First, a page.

Niall Stanage makes some significant points about the Stormontgate affair in the Guardian today:
Last Friday, a bombshell dropped. The key figure in the trio, Denis Donaldson, who was Sinn Féin’s head of administration at Stormont, owned up to a double life. He said that he had been a paid agent of British intelligence and Northern Ireland Special Branch since the 80s. His exposure turned the accepted version of events on its head. As things stand, the only proven spying operation at Stormont was run by forces of the state. And a paid agent of the state had been pivotal in the unravelling of a democratically elected administration. It is hard to imagine a graver scenario.
The government has sought to ameliorate the fiasco by claiming that the original police operation did indeed uncover stolen documents and that the Stormont raid was given a clean bill of health by Nuala O’Loan, the police ombudswoman. Neither assertion counters the idea that Donaldson could have acted as an agent provocateur. (Guardian)
A number of interesting questions are also being asked in this thread over on Slugger.
The BBC’s Brian Rowan had this to say about Operation Torsion back in 2002:
The operation spanned a period of months and, according to one source, the main target was the IRA’s so-called director of intelligence – a prominent west Belfast republican.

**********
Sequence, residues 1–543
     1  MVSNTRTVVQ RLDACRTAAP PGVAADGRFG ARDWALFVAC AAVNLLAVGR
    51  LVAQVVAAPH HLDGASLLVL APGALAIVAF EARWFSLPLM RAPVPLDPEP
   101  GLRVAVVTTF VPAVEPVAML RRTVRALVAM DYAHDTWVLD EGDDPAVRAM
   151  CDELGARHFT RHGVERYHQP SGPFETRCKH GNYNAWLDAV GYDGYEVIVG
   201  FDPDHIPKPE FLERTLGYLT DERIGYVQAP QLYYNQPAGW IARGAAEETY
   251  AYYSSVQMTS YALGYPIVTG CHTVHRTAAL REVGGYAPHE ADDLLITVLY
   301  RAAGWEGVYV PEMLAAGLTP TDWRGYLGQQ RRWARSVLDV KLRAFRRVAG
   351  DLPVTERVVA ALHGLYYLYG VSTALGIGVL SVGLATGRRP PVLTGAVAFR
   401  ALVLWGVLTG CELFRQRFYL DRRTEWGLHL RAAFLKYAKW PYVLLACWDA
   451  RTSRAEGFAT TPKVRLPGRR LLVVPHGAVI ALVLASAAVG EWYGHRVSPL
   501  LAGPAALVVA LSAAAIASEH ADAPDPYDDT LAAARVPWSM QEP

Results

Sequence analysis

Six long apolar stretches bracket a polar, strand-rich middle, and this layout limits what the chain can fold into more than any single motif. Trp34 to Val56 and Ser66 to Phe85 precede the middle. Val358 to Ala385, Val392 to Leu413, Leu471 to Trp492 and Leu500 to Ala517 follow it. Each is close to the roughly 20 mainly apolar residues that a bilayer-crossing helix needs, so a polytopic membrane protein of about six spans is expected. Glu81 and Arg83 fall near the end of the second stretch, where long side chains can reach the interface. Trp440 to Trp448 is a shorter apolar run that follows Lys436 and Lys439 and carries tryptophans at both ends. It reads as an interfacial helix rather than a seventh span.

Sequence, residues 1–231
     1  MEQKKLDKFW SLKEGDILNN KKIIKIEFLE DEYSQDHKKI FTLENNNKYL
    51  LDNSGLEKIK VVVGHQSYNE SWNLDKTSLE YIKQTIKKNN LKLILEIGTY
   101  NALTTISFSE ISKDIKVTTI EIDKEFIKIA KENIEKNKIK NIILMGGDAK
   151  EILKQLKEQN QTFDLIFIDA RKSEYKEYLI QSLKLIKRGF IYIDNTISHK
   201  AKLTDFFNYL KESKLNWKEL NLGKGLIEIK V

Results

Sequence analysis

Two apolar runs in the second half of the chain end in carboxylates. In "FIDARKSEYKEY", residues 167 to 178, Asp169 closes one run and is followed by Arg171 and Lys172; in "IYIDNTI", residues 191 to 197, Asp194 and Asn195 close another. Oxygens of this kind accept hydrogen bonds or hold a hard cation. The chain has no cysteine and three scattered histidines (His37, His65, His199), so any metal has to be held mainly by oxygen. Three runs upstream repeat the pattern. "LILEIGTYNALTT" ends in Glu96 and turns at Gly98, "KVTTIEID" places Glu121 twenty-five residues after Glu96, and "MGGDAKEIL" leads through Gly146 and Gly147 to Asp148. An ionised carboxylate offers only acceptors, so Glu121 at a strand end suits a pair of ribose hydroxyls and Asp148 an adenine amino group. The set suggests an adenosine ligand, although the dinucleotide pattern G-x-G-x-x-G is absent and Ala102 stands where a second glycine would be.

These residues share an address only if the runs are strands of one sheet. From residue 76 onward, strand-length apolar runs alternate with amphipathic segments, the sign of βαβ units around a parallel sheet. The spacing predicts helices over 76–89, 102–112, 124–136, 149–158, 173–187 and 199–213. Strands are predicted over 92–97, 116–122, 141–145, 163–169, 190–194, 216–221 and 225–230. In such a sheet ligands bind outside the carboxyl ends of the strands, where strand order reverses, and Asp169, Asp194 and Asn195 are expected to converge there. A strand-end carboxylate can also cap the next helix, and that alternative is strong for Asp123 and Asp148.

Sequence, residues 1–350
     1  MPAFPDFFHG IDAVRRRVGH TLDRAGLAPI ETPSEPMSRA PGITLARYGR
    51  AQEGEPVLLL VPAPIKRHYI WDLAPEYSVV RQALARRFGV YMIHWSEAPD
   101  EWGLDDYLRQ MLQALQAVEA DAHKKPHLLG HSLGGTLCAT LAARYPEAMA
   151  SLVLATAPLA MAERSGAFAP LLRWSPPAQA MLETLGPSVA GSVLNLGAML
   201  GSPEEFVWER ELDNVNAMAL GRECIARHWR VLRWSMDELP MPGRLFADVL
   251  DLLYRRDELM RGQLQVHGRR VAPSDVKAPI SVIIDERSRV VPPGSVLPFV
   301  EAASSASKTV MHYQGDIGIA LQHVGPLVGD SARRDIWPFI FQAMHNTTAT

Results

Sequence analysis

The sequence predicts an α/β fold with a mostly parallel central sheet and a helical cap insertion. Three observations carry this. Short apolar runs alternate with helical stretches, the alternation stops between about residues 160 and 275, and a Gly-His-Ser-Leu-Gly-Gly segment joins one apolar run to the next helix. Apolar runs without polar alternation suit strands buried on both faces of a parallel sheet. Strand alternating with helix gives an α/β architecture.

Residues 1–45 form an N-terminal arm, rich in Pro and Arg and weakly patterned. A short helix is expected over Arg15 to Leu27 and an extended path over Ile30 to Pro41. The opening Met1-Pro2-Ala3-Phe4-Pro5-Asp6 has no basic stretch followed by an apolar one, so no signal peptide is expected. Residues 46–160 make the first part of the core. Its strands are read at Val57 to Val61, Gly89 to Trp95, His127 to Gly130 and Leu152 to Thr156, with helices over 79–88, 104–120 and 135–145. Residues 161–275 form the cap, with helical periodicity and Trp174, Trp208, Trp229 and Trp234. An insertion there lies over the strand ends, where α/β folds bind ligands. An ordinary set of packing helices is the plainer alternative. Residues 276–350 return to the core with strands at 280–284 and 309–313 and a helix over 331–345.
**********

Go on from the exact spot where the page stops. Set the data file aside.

But he managed to avoid the net.
Four arrests were eventually made on 4 October and three men and a woman were subsequently charged. In the search operation, hundreds of documents and a lap top computer were seized.
But, I understand that long before this date, the police were already aware that the IRA had obtained copies of sensitive government documents as well as details on prison officers – the latter may have been copied from a human resources computer database at Prisons Control.
An assessment was made that the prison officers were under no threat from the IRA and Operation Torsion was allowed to run. (BBC)
Did they feel so secure because the documents were under the control of one of their own agents? If they were prepared to take such a risk, were they not capable of initiating the whole thing?
Why was the operation then rolled up in the most public manner possible without catching its main target, with the most significant arrest being one of their own agents?
Could the answer to this be related to the fact that the Special Branch officer who led the raid, Bill Lowry, spoke at the annual dinner of the anti-agreement DUP last year?
Could it also explain why Mr Lowry, according to his own account, was removed from his post at the behest of MI5?
And if Donaldson wasn’t co-operating with his handlers, why did they meet him two days before his arrest?
The answers to these questions might shed some light on why democracy in Northern Ireland has been suspended for the past three years, but don’t hold your breath.